A bit of manic coding last night, combined with a repeat of yesterday’s tests showed this.

Complementary Euler

Complementary Euler

Compare this with the graph from yesterday’s equivalent tests:

net acceleration

net acceleration

I hope you agree this is much better – as expected there are roughly sinusoidal lines about 90° out of phase as Phoebe rolled around the floor in circles.

No option now but to test this new code live – need to find where I left my bravery first though!

An itch that needs scratching.

It’s bothered me for a long time that the two sources of angles fed into the complementary filter do not have the same meaning.  Since adding the rotation matrix code this has been increasingly evident.  Finally with the graphs from yesterday, and the consistent forward drift, understanding this has become a top priority.

The nub of the problem is the difference in the context of the angles:

Euler angles are cumulative: they represent the rotation of gravity between the inertial reference frame (earth axes aligned with north, west and up) and the quadcopter X, Y, and Z axes respectively.  To perform the rotation each angle is applied in sequence.

Integrated Gyro angles are independent – they are all in the quad frame, and represent rotation rate around each of the quads axes all within the quad reference frame.  Gravity doesn’t enter the equation.

So currently the complementary filters is trying to merge two different types of angles and can only produce garbage as a result.

I may to convert gyro angles into Euler angles, and for a change I found a site which explained these well, and in clear language and equations that don’t obfuscate the facts behind fancy symbols.

Euler vs Gyro Angles

There’s a few other links from that page that explain other parts of the quad code really clearly too.  Well worth reading.

Or I may need to use Kalman to smooth out the Euler angles, and dispose of the complementary filter altogether.

Or there may be a plan C that I’ve not had time to think of yet.

But I’m stuck on a bus for 2 hours tomorrow, so I’ll have plenty of time to muse and snooze!

Iterative dynamic accelerometer calibration

Currently, my accelerometer calibration of offset / gains against temperature requires two days of action, reading the sensors at various angles across a broad range of temperatures to put into Excel to produce trend lines allowing calculation of offset and gain at the current temperature for the X, Y and Z accelerometers.  If you think that sounds difficult and tedious, multiply by two and you’re getting there.  It works but I don’t like it for several reasons:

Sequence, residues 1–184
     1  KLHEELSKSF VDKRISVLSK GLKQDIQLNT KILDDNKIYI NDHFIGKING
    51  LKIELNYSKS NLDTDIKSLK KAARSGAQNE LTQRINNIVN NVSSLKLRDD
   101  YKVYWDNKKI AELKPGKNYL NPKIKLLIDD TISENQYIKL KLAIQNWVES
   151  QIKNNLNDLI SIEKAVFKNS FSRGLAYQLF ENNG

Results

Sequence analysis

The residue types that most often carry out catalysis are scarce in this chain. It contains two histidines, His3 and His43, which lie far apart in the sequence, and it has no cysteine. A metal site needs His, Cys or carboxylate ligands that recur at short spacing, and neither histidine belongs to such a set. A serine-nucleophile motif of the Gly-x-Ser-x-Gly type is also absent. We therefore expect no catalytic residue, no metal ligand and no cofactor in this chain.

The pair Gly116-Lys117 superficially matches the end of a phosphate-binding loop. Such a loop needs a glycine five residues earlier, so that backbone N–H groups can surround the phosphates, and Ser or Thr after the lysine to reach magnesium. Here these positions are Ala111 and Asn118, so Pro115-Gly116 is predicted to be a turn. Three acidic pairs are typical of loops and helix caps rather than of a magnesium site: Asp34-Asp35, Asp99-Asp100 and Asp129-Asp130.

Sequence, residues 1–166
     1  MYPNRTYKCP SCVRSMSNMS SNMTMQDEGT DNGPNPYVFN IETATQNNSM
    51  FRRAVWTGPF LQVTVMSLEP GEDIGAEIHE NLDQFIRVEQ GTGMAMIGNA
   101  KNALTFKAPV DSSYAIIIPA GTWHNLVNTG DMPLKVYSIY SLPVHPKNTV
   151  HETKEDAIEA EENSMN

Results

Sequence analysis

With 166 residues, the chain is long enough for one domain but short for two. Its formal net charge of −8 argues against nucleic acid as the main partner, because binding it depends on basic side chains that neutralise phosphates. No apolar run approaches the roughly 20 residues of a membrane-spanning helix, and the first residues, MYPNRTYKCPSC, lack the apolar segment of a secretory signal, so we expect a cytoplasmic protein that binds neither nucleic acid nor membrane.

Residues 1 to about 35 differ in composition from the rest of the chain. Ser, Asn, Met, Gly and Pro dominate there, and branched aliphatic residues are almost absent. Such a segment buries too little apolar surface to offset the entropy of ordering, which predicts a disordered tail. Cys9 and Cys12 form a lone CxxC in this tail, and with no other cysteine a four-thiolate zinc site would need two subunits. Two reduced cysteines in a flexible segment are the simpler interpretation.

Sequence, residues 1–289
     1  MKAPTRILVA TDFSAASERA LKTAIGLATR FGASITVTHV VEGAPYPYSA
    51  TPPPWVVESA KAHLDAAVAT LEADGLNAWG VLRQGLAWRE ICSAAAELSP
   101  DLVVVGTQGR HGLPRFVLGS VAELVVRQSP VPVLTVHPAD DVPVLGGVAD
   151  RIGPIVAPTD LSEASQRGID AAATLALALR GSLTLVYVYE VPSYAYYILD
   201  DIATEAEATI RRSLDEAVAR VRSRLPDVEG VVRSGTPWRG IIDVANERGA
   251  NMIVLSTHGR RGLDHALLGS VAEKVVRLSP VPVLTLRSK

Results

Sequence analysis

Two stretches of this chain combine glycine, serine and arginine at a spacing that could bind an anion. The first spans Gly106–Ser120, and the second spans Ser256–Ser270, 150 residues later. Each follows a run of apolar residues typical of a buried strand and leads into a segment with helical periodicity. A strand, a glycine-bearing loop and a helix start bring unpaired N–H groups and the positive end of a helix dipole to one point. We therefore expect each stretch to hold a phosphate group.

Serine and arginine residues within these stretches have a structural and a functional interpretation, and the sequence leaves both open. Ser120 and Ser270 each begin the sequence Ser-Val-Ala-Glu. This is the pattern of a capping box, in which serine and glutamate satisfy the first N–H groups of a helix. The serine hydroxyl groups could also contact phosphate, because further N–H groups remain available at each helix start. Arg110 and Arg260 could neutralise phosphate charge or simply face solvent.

• off-the-shelf quad manufacturers / DIYers don’t do this
  • it’s tuned to a specific sensor – replace a broken sensor with a new one and the calibration needs to be redone
  • the calibration can only really be done on a sunny day in winter to be able to get termperature ranges from 10°C (Phoebe sleeps in the garage overnight) to 25°C (Phoebe moves indoors, and as her temperature rises, many samples are taken).

So I’ve been considering how to calibrate the accelerometer in flight.  It goes a bit like this: Prior to take-off

  • read the accelerometer many times and take the average while she sits quiet and stable in the ground – these readings are a gravity vector in the quadcopter’s frame (QFGV) and will be flawed due to offset and gain errors.
  • Using the QFGV, calculate her angles wrt earth using Euler – again the angles will be incorrect, but testing shows the error isn’t far from the truth
  • Use the quadcopter to Earth matrix to convert the QFGV to earth coordinates – the Earth frame gravity vector (EFGV) – in the perfect world, it should read 0, 0, 1 – the perfect world earth frame gravity vector (PWEFGV) but doesn’t in reality
  • Subtract the PWEFGV from the EFGV to come up with earth-frame error vector (EFEV)
  • Convert that EFEV back from the Earth frame to the quad frame to produce the quad-frame error vector (QFEV).

Now set Phoebe running:

  • read the raw accelerometer values every loop, integrating them over the time between each read
  • Periodically (roughly 40Hz compared to her spin rate of roughly 440Hz) process the readings by dividing by the elapsed time since last processing to come up with averaged accelerometer readings.
  • Subtract the QFEV from the readings to produce a ‘better’ set of quad-frame averaged accelerometer results
  • Use this better set of accelerometer results to come up with better angles via Euler
  • Use the better angles to convert the original fixed QFGV to a new, more accurate EFGV
  • Again subtract the perfect world PWEFGV from the new EFGV to come up with a new EFEV.
  • Convert the EFEV back to a QFEV
  • Repeat ad infinitum

This should produce an ever improving set of offsets by taking the initial fixed QFGV and constantly refining the quadcopter accelerometer readings with the QFEV.  In doing so, there should be convergence on an accurate value for the QFEV – i.e. the accelerometer is calibrated on-the-fly. Initial testing suggests this might just work, but Phoebe is not getting her @R$£ off the ground fast enough, so tilting to stop drift is causing the props to clip the ground. More testing later with a more energetic take-off rate will hopefully be more conclusive.

P.S.  All the above is based on the assumption that calculation of Euler angles from raw accelerometer readings is more accurate than the raw sensor readings themselves.  Currently I’m working on gut-feel, but I need to spend the time producing a mathematical proof.

P.P.S.  On the other hand, it’s easy to prove in real-world testing – if not true, then Phoebe will progressively go mad instead of settling into a stable state of affairs.

What’s tilt for?